What difficulties did you face at the beginning of your career?
Making ends meet in New York City! My first design job was an internship with Rodrigo Corral shortly after he had founded his own design studio. It was an amazing opportunity to learn design on-the-job, so I accepted it even though I knew I would have to get another job to pay the rent. I would sometimes leave Rodrigo’s studio at 6 pm and then waitress from 7 pm to 3 am. It was tough, but after a couple months as an intern, the studio was doing pretty well and Rodrigo was able to offer me a full-time spot as a junior designer. Looking back, I am so happy I took the internship and figured things out, but at the time it was pretty scary to accept an internship rather than keep hunting for a salaried job. I also did not go to school for graphic design (I was an English Major and a History Minor), so at the beginning of my career I was pretty self conscious about it. I remember going to AIGA events and overhearing design students talk about design and feeling like they were talking a foreign language. But feeling like I needed to catch up with the kids that went to design school really turned out to be a positive for me. I was so nervous that I didn’t know enough that I just started absorbing everything I could get my hands on. I devoured every art and design book that we had in the studio and asked about a million questions. I remember a friend gushing to me about how he had met Milton Glaser. I had no idea who Milton Glaser was, but I didn’t let on, and when I got home the first thing I did was go online and read everything I could about him. I think having that hunger is important, not just at the beginning of your career, but for the duration of it. You can never know it all, but as long as you’re curious about it all, you will be fine.
What should a young designer do in order not to get hired by anybody?
Have no social skills. You may have an amazing portfolio, but if you don’t know how to interact with other people, you will have a hard time getting and keeping a job. When choosing between two candidates with equally impressive portfolios, I’m going to hire the one who I can see spending every day working with and who I know I can trust to act appropriately in all situations. If someone is awkward or rude in an interview, I would be worried that they would act like that with an important client or the head of the company. Just like you hone your design skills, you should be honing your social skills. Learn to take social cues from the people you want to work with. If you don’t know them, don’t start your email to them with, “Hey, man! What’s up?” Make sure that conversations aren’t one-sided. Ask people about themselves. Be on time. Introduce yourself. Smile. These are the big little things that make people want to work with you.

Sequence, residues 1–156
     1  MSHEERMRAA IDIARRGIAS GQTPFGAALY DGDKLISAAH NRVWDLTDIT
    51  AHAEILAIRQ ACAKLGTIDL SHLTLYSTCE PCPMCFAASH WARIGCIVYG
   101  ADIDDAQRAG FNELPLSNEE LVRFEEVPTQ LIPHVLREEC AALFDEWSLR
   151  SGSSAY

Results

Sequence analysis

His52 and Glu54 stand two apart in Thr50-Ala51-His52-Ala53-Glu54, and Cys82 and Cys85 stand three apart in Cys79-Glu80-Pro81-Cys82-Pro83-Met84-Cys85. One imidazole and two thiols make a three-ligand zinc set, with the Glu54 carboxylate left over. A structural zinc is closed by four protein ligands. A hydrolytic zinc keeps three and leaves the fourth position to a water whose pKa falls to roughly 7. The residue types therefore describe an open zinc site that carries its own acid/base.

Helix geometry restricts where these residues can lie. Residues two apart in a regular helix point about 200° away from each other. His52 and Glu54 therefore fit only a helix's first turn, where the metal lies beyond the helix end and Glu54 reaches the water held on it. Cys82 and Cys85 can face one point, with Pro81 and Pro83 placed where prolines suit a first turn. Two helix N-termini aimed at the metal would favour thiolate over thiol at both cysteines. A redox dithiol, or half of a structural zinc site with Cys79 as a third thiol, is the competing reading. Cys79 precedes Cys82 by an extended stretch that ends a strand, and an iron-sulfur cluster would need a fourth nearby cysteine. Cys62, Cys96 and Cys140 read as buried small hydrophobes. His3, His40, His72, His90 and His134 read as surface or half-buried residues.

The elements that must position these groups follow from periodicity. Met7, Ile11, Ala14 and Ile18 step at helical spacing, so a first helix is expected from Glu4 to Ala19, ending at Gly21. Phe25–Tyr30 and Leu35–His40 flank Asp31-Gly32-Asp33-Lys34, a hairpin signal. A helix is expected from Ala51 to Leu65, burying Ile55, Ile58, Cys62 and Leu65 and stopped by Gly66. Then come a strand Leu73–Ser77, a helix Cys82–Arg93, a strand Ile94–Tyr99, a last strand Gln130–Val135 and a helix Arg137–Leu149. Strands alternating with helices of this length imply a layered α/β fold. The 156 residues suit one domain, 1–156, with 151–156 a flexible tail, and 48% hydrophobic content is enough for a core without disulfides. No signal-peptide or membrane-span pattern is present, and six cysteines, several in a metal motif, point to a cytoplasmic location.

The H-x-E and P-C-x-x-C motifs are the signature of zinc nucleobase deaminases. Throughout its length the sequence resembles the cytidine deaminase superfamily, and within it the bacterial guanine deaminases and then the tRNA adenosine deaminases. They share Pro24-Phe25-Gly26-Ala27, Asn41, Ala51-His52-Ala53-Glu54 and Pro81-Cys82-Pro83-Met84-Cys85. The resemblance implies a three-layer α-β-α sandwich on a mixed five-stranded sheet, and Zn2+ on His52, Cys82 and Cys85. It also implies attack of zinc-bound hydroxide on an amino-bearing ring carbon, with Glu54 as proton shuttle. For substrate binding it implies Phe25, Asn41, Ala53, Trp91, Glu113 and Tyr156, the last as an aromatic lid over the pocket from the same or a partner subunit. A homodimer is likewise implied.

Are there any things you wish you knew at the beginning of your career?
That everyone was a beginner at some point, and when you’re starting out you’re not supposed to know everything. That applying for jobs online is a waste of time. It’s the connections you make with people that will get your foot in the door. That InDesign would overtake Quark!
Are there any rules or habits that help you do your job more efficiently?
I am VERY organized. It’s borderline OCD! Ha. But the crazy organization allows me to juggle many projects at once effectively. When you’re freelancing, and have multiple clients, things can fall through the cracks if you’re not careful. I color code everything from file folders to calendar appointments. Every time I find an artist or photographer I like, I bookmark their page according to category — different folders for every conceivable type of photography, for example. So instead of wracking my brain for the name of a mapmaker I’ve worked with, I can just open the folder and there’s their website. I’m strict with myself about deadlines and try to tackle jobs incrementally so things don’t pile up. Instead of just writing “design book cover” on my To Do list, I separate the task into sections like “read manuscript,” “sketch,” “research,” etc.
Would you recommend some books that young designers might find useful?
The more books you have, the better! My husband is also an Art Director and between the two of us we have an extensive collection of books — everything from fashion design to literature to comic books to photography. I think it’s important to collect a broad range of books that might provide inspiration — not just “graphic design” books. You never know if your next design project will be inspired by an article in The New Yorker, or a picture book you loved as a kid. (This year I did a whole design project based on one of my favorite books, Alice’s Adventures in Wonderland ). Pick up anything and everything that interests you. Visit bookstores often. Some of my favorites in New York are The MoMA bookstore, Housing Works bookstore, Clic, Dashwood, McNally Jackson, The New Museum bookstore, The ICP bookstore, Taschen, Rizzoli, and Kinokuniya. As far as specific titles, I really love Paula Scher’s Make it Bigger. As a woman working in design, I find her career to be a huge inspiration. I also recommend Stop Stealing Sheep to a lot of people. It’s a typography staple that won’t put you to sleep!
Catherine answered the questions on October 2, 2015.
The answers were published on October 5, 2015.
The answers were published on October 5, 2015.